My back, however, begged to differ, as it so inclines roughly every 6-24 months, in particular my L5-S1 disc, which mostly offers me no serious issue as long as I scrupulously take care of it, but from time to time, owing to a panoply of sports injuries, has developed a certain unpredictable irascibility. A squats-induced blowout about 12 years ago really brought things to a head. A violently bouncy skiing mishap seventeen years ago doubtless helped set the stage (“Get up a lot of speed — this is going to be a long traverse!” (full of parked snow grooming equipment, it turned out, and a very messy adjacent bail-out field)). A regrettable predilection for playing goalie on mediocre indoor soccer teams certainly did me no favors. Keeping it under control involves aggressively avoiding extended sitting, maintaining a strong core through a mix of activities, doing what I can to avoid violent impacts, and staying comprehensively flexible.

What a brutal occasional reminder of what many people must suffer on a daily basis… What an object lesson on the criticality of regular maintenance and continual caution… What a blessed relief and source of gratitude when the mercurial and sadistic demon removes its needle-like claws from my spine and suddenly I am back to my usual self, briefly high as a kite on an endorphin level whose attenuation lags the agony-inducing nerve-impinging swelling…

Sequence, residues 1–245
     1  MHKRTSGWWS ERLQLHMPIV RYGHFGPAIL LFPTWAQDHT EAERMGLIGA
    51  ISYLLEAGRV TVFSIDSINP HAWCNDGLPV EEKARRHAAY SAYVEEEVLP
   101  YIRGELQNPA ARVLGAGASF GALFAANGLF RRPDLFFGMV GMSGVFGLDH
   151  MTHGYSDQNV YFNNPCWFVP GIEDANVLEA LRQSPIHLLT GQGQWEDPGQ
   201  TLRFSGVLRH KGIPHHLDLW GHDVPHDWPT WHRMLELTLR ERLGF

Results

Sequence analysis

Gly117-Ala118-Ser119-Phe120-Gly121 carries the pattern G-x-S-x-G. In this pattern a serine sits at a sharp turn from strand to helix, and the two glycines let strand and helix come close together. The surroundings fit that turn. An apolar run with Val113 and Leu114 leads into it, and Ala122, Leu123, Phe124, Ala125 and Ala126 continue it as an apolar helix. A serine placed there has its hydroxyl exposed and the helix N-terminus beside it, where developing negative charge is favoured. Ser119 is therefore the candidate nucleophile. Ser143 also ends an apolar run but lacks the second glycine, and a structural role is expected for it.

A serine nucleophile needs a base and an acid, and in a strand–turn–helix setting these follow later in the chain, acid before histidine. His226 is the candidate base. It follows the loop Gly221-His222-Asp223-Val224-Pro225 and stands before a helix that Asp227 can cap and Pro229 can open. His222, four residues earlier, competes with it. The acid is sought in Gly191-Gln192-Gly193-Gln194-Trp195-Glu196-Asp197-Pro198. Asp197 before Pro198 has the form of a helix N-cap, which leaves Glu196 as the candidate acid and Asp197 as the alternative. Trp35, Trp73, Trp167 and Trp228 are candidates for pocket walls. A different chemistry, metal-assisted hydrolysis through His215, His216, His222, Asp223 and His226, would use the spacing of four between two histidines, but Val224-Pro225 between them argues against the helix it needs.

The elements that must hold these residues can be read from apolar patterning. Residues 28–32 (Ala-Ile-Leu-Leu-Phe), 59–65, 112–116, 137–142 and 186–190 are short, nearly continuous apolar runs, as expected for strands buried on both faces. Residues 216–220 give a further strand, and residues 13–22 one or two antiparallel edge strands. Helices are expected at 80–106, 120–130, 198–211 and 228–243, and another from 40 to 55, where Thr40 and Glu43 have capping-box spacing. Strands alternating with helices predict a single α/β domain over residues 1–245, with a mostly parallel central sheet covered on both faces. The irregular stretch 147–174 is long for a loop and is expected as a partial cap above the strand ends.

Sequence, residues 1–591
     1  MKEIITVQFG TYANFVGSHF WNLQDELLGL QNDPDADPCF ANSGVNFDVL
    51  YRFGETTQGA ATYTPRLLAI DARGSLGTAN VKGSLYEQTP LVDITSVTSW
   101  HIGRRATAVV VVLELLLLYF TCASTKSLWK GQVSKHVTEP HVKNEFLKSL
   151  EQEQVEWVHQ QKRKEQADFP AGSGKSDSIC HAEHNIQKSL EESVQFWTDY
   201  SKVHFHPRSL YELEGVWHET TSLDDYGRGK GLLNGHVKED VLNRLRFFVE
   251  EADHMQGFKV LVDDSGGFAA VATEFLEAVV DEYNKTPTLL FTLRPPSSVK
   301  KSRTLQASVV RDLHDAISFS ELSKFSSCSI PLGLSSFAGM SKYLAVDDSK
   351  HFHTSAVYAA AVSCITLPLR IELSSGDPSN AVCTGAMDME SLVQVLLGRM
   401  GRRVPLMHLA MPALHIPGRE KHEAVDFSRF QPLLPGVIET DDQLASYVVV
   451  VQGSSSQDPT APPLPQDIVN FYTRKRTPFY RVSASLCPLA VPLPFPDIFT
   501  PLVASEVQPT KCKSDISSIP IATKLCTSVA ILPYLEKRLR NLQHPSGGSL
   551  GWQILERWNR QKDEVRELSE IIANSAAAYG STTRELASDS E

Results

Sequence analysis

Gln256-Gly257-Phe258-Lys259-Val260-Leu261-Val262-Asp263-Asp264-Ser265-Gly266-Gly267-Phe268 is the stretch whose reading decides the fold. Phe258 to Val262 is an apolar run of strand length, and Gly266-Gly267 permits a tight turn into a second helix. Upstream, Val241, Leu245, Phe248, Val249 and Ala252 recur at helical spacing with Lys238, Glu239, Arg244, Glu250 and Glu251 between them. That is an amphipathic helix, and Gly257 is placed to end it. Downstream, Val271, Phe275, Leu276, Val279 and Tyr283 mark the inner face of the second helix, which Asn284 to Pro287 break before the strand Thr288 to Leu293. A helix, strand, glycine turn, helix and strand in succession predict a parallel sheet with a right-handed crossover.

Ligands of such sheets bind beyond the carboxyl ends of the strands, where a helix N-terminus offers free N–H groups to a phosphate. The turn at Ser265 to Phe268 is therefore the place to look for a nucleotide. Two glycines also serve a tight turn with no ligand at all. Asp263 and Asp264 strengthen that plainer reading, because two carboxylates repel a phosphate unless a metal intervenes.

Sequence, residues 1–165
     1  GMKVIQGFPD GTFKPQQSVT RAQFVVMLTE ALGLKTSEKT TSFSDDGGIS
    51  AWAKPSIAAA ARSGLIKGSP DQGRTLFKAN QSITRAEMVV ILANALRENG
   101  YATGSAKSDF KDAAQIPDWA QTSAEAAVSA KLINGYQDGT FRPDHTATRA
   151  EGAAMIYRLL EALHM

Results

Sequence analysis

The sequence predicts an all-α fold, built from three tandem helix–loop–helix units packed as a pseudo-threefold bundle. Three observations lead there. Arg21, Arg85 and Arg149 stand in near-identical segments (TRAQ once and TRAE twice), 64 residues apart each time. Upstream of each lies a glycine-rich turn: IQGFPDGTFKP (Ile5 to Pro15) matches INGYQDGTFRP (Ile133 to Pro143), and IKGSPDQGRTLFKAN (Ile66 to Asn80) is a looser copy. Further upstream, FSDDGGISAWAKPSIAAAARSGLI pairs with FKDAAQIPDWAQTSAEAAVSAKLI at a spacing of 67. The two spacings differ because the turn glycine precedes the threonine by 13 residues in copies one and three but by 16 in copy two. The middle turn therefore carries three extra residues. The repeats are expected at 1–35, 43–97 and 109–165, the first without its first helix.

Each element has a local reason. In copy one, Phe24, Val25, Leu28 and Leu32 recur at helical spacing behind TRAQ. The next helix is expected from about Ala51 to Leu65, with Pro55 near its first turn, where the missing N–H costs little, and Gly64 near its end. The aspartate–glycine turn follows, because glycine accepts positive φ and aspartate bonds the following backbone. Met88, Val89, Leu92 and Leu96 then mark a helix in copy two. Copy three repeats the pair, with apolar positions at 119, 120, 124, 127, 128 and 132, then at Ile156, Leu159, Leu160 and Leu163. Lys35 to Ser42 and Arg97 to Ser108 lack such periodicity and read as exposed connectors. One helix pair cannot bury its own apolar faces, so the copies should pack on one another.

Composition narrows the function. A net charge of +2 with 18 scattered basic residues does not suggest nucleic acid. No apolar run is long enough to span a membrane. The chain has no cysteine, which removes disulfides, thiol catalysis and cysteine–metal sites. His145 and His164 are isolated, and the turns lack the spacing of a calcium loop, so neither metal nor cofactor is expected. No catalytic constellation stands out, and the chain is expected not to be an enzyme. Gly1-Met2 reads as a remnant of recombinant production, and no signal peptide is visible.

It feels like time traveling to a ninety year old version of myself.

Forever Moar Unto The Breach

Over the last five years my professional reality has episodically followed a similar track in accelerating fashion.

I left a government project in 2016 that I had spent over seven years wrangling, a duration that renders one prone to losing sight of how far you have come and taking for granted the infrastructure, processes, and culture you and your compatriots have created.

I remember, shortly before leaving, having this really sink in via one simple exercise — running a “git log” command against the master branch of the version control system for the product that I had bootstrapped and run for all these years, noting that it took several minutes of holding down the spacebar for the thousands upon thousands of commit messages to stream past in the console. The ultimate simplicity of the product belied its tortuous path, a phenomenon best captured by the words of Antoine de Saint-Exupery — “Perfection is attained not when there is nothing more to add, but when there is nothing left to take away.”